First meeting on trail gets good turnout



The first informational meeting for the Farmington Canal Heritage Trail Gap Closure Study recently kicked off with a good turnout of people from Plainville and other surrounding communities.

Conducted by the Capital Region Council of Governments, the study aims to close the gap in the trail through Southington and Plainville while identifying a connection to the CTfastrak station in New Britain. CRCOG has partnered with consultant VHB, along with firms Mobycon and Bluezones for the project. Other project stakeholders include the Connecticut Department of Transportation (ConnDOT), the town of Plainville, the town of Southington, the city of New Britain, and the Plainville Greenway Alliance.

“Other people will be involved with our team as we move forward David Head, senior transportation engineer for VHB, during the July 26 meeting held at Plainville Public Library.

Known as one of the most historic greenways in New England, the Farmington Canal Heritage Trail is an 84-mile multi-use trail that stretches from New Haven to Northampton, Mass. Although most of the trail is complete or in the process of being designed, the only gap in the trail is through the town of Plainville and into Southington. “This Plainville piece is a critical piece in completing that gap,” said Head.

The study will determine a corridor for closing the gap in Plainville and Southington, said Head. The Plainville section has not been completed because of an active rail line that exists within the trail corridor.

“It has been studied before, but didn’t progress,” said Head. “It was due basically to the difficulty… of an active rail line [in Plainville] and they never got down to choosing an option.”

The study team also is working to find possible routes that would connect the trail with Plainville, New Britain, Southington and the CTfastrak station in New Britain through a world-class multi-use trail network. The recent opening of CTfastrak includes a new multi-use trail for central Connecticut. Connecting the trail to CTfastrak and its adjacent multi-use trail would further enhance the bicycle and pedestrian amenities in the region, and since all CTfastrak buses are equipped with bicycle racks, this connection can extend the distance that cyclists travel to reach their destination, according to the study team.

A major part of the project is public outreach to better understand what residents envision a trail to look like in their communities. Before the first public meeting, the study team held a series of focus groups throughout the day in Plainville.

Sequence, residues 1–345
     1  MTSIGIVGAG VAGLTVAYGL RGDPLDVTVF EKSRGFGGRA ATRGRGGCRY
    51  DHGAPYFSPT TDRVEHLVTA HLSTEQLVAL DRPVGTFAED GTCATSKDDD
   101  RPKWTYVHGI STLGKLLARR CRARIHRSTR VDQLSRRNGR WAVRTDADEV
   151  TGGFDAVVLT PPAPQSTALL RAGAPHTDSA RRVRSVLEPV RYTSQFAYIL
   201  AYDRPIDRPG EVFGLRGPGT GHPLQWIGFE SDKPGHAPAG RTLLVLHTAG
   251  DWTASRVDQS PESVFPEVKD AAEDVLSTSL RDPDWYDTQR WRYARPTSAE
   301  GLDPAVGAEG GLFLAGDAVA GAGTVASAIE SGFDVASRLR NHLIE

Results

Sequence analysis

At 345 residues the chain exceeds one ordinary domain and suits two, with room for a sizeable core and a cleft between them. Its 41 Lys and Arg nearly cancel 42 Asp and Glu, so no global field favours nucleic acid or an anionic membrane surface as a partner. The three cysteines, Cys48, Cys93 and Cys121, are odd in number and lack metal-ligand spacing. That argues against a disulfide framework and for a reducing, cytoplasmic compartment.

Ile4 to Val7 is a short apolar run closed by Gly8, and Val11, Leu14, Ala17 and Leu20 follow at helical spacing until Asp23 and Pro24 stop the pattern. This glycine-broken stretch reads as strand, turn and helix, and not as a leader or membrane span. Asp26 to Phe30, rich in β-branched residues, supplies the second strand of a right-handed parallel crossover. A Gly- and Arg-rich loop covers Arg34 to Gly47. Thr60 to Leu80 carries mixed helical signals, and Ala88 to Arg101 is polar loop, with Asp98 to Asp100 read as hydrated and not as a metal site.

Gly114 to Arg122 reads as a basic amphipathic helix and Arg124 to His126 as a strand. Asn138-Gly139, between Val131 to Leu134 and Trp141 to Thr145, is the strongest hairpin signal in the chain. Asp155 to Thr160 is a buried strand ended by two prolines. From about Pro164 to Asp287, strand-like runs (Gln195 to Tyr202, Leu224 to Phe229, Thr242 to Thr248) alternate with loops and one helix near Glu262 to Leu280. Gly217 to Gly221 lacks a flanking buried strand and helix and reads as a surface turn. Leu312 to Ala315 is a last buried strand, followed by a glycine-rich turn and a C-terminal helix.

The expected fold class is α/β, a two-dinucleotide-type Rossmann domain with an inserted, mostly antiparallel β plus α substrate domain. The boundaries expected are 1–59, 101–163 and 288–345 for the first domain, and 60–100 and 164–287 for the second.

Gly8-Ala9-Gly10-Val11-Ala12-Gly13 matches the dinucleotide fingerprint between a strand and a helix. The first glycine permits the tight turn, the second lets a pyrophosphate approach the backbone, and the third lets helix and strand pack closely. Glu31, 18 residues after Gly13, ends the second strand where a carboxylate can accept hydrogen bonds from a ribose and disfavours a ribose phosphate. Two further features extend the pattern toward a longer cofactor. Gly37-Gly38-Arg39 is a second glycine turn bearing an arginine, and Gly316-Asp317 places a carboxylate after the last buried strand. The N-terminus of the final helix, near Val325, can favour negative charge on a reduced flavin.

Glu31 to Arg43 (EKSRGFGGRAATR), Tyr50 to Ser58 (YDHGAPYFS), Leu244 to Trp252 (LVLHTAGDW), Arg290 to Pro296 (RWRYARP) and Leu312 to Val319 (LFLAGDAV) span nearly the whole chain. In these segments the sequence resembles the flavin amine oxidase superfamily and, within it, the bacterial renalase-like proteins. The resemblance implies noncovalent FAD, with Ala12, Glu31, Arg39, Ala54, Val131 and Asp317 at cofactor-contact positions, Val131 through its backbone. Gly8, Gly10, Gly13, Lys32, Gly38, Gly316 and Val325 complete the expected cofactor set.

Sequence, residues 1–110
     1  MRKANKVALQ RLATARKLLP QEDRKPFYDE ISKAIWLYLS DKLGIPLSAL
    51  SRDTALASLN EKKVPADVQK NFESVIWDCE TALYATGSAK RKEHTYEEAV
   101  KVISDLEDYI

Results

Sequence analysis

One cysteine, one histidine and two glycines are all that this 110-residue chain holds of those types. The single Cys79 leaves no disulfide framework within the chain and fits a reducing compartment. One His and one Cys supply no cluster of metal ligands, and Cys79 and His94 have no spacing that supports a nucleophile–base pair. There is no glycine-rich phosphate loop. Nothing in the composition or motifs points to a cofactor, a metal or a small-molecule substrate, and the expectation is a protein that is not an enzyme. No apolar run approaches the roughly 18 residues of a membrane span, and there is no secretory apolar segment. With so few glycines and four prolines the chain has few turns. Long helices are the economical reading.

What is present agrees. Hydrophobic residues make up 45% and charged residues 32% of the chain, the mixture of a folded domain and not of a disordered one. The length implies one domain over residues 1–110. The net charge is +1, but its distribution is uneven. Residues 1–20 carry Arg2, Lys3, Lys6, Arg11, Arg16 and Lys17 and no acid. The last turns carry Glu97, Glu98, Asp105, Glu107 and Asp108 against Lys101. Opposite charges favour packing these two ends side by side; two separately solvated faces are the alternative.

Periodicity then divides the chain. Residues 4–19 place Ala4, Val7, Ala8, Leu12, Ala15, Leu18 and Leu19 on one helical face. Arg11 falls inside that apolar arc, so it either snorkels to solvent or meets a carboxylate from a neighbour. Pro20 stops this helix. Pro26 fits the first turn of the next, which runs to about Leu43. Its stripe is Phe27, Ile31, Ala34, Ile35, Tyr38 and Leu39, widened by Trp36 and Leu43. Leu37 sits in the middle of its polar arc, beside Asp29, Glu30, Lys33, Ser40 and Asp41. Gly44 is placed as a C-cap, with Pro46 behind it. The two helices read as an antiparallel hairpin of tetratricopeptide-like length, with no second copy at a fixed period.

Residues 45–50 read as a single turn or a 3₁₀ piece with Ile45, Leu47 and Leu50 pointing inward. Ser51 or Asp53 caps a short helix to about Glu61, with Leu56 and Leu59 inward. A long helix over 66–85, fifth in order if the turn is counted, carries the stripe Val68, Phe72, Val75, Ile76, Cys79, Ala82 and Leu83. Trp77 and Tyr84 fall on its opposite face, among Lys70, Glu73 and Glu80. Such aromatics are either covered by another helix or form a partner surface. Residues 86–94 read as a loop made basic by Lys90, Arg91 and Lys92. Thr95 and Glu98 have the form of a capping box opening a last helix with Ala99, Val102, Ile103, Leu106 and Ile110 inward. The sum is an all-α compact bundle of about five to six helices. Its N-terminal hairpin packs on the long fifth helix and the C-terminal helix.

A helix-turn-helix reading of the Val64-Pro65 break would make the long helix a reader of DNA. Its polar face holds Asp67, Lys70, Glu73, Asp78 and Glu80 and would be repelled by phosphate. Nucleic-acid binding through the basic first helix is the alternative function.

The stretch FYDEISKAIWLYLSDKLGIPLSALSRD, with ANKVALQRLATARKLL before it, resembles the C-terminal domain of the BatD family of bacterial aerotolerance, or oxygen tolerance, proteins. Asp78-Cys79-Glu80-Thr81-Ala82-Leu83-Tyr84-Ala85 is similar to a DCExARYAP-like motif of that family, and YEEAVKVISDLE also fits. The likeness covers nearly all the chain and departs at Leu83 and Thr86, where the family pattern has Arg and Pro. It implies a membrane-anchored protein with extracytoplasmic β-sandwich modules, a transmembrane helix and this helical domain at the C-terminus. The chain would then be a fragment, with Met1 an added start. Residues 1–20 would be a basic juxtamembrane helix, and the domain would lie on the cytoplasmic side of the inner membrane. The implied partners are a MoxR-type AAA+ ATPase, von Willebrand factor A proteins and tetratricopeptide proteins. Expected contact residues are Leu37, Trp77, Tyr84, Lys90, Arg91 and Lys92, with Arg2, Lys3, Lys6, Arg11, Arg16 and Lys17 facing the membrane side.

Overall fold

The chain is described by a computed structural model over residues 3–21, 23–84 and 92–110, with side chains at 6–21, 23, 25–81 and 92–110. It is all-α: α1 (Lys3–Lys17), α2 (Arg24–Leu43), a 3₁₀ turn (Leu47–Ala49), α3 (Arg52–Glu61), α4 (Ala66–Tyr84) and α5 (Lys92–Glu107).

The study team will engage the public through workshops and other meetings over the course of 18 months. The study is expected to be completed next summer.

Head encouraged residents to share their feedback on the study.

“We’ll be listening… as to what you feel this trail should look like or this connection should look like both in Plainville and New Britain,” Head told the public. “That’s why we’re here.”

During the meeting, members of the audience had a chance to ask the study team questions. One concern brought up by some residents dealt with how the project would affect property owners and businesses located near the trail’s route when that is determined.

“There is no intent by either CRCOG…or the town of Plainville…or the DOT…of taking any property by imminent domain or otherwise for the trail,” said Mark Jewell of VHB.

Town Manager Robert Lee said he sees the trail benefitting Plainville in two major ways: bringing people into the community and creating a safe alternative form of transportation when getting to a certain destination in town.

“Having this trail come through Plainville is going to have tremendous benefits in many ways,” said Lee. “I’m very excited about this…process.”

From recreation to access to transportation to economic development, communities choose trails for a variety of reasons, said Dan Burden of Bluezones during the meeting.

Burden also shared some data with the public regarding the kind of impact that trails had on particular communities nationwide. Within a 10-year-span (from 1980 to 1990), Portland, Ore. chose to go with transit and walking/bicycling, and the affect was substantial, said Burden.

“As a result of doing that, they dropped their property taxes [by] 29 percent,” said Burden. “They reduced their air pollution [by] 86 percent and the quality of life increased [by] 19 percent.”

When addressing the issue of funding for the project, Head said ConnDOT will likely be the funding source for trail’s design and construction.

“The towns need to be able to go to DOT with a defined alignment,” said Head.

Burden noted the importance of gathering ideas and concepts together before seeking any funding source to say that the community is united behind the project.

“The work that we’re positioned to do, most of it in October is going to be very critical to making sure people are…informed and informed well enough that they give knowledgeable consent,” said Burden. “The way we like to describe consent is: it’s not that 100 percent of the people want the same thing, but they all agree it’s the very best thing for their community.”

For more information about the study, visit www.gapclosurestudy. com/.